Laura Barry, Juli Grainger Curator of Paintings, Drawings and Sculpture at Colonial Williamsburg, gave us our next important lead. Our painting reminded her of another, “L’Optique, by the French artist Louis-Leopold Boilly (1761-1845). Boilly was known for his precisely detailed conversation pieces documenting French middle–class life.

Fred Caxenave after LL Boilly le optique 1800

Boilly’s  L’Optique (The Optical Viewer), dating to about 1793 and shown here in an engraving of the period, follows a similar formula as our portrait, that of a domestic scene in which a woman and child view engravings of famous land- and cityscapes with the aid of a perspectival glass or zograscope. A perspectival glass is an optical device


comprised of an angled convex lens and reflective mirror used to heighten the illusion of three-dimensionality when viewing prints. Now I don’t mean to suggest that we have a Boilly, but I simply point out here that “R.V.”  whomever that might be, was following in the same tradition as Boilly.

Curiously, Gari and Corinne Melchers, avid art collectors in their own right, collected dozens of these old engraved views, some of which they displayed along their                  staircase where they continue today. It is just possible the couple acquired the                      Portrait of a Lady and Young Boy because of their interest in the engravings. Or did they collect the engravings because it was suggested by the content of the painting?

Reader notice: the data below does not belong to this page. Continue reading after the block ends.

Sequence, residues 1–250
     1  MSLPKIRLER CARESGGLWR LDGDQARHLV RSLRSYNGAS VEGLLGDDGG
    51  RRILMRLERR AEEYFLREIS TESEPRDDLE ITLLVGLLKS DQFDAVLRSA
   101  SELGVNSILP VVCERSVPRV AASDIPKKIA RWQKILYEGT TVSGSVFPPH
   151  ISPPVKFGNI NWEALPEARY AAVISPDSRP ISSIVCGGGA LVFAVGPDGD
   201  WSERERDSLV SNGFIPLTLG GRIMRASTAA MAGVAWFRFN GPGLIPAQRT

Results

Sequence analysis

Boilly’s pictures were criticized in his day for being “too Dutch,” meaning too focused on the sphere of the household in emulation of the Old Master painter Gerard Terborch. Gari Melchers made his career in Holland and early on began to collect old masters. He particularly revered Terborch. It stands to reason, then, why Melchers might seriously consider acquiring an image such as the Portrait of a Lady and Young Boy for his own collection.